The top theme at the conference was U.S.-Russian relations. During the past eight years of the Bush administration, the U.S.-Russian relations had fallen to a low point.
At the conference, Biden sent a positive message to Russia. "It's time, to paraphrase President Obama, to press the reset button and to revisit the many areas where we can and should work together." Biden pointed out that Moscow and Washington share many interests, for example, in maintaining stability in Afghanistan and reining in nuclear programs in Iran and North Korea. Russia quickly echoed these sentiments. Deputy Prime Minister Sergei Ivanov said that Russia welcomed the U.S. Government's expressed desire to amend their bilateral ties, and is ready to cooperate with the United States in every field. In a meeting on February 8, Biden told Ivanov that Washington would revaluate its missile defense plans and exchange views with Russia as well as the EU countries.
The "reset" message reflected the Obama administration's new diplomatic theory, which is quite different from that of his predecessor. It at least shows that the United States will not stubbornly maintain its unilateral policies anymore.
But Biden also made it clear that Obama has no intention of compromising the country's strategic interests. "We will not agree with Russia on everything," he said. "For example, the United States will not, will not recognize Abkhazia and South Ossetia as independent states. We will not recognize any nation having a sphere of influence. It will remain our view that sovereign states have the right to make their own decisions and choose their own alliances." These comments struck at Russia's core interests. Thus the ice between Washington and Moscow will not thaw easily.
The second focus of the conference was Afghanistan, where Obama recently authorized the deployment of an additional 17,000 American troops in an effort to reverse the deteriorating situation there. The United States used the conference as an opportunity to persuade NATO members to play more important roles in Afghanistan and take more responsibility. Biden said new U.S. policy in Afghanistan must seek support from related parties, and the policy should be a full strategy in which all sides jointly shoulder responsibility.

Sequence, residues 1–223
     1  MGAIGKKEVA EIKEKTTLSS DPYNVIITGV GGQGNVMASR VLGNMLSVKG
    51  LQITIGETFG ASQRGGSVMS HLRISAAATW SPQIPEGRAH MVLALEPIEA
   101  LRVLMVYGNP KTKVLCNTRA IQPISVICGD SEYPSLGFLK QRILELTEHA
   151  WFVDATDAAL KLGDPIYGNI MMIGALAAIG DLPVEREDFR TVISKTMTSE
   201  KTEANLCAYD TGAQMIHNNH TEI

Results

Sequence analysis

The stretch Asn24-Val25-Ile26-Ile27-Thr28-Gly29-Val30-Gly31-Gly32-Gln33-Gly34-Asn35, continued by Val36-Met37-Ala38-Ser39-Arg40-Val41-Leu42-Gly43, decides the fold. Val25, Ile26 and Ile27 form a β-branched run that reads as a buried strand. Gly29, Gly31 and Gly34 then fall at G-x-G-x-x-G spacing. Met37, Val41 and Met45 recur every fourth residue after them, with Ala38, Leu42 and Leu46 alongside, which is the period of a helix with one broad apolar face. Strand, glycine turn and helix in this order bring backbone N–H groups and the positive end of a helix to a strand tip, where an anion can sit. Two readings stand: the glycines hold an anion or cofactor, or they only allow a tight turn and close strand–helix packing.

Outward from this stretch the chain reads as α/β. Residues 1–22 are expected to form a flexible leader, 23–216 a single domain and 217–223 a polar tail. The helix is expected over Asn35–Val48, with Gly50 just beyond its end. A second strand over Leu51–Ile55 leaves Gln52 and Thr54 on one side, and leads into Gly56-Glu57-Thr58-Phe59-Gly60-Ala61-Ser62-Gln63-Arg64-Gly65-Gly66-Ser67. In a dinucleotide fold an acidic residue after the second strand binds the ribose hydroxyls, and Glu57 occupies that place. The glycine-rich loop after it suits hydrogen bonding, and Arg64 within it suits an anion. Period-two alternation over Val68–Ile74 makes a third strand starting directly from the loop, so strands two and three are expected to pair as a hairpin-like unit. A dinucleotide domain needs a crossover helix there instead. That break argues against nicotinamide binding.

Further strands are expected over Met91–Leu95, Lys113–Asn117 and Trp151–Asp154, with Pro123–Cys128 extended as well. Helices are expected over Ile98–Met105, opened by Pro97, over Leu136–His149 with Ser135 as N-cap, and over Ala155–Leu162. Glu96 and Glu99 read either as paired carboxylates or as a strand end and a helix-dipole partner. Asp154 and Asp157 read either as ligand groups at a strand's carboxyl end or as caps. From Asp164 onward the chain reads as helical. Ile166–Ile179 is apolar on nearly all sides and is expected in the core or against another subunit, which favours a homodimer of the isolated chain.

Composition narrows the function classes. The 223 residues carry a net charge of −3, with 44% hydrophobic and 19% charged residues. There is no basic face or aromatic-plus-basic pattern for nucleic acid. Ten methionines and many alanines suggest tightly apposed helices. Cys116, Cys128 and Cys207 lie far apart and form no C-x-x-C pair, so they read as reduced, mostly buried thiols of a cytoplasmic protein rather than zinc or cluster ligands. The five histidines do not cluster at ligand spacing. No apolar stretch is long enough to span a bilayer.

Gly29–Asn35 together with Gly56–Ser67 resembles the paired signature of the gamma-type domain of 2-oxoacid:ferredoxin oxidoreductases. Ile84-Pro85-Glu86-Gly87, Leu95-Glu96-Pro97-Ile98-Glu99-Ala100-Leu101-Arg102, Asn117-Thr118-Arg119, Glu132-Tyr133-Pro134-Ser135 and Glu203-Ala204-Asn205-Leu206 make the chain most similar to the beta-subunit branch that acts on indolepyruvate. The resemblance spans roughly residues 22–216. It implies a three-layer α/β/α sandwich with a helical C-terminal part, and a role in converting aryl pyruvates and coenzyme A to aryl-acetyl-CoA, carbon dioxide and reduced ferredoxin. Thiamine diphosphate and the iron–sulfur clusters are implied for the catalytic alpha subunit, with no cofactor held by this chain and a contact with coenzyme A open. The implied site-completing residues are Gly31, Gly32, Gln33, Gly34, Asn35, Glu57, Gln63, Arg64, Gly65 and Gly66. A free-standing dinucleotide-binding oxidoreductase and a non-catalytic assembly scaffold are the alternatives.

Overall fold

NATO members reacted in different ways. Britain was favorable, while Germany was reluctant. German Defense Minister Franz Josef Jung said NATO could not rely on military measures alone to guarantee the success of its peacekeeping operation in Afghanistan. He called for close cooperation between Europe and the United States to strengthen civil reconstruction there. In the meantime, Afghanistan did not applaud NATO's plan to increase troop levels. Afghan President Hamid Karzai publicly condemned NATO troops in Afghanistan for contributing to a high civilian casualty rate-more than 2,000 in 2008, a 40 percent increase year on year-and called on the international community to help Afghanistan train its army and police force.
The third theme of the conference was Iran's nuclear ambitions. "We will be willing to talk to Iran, and to offer a very clear choice," Biden said in his speech. "Continue down your current course and there will be pressure and isolation; abandon the illicit nuclear program and your support for terrorism and there will be meaningful incentives." Iran had also sent representatives to the conference, where remarks by Iran and the United States appeared less critical of each other and more cautiously conciliatory. Both sides expressed their wish to negotiate without preconditions. Direct contact is becoming more likely.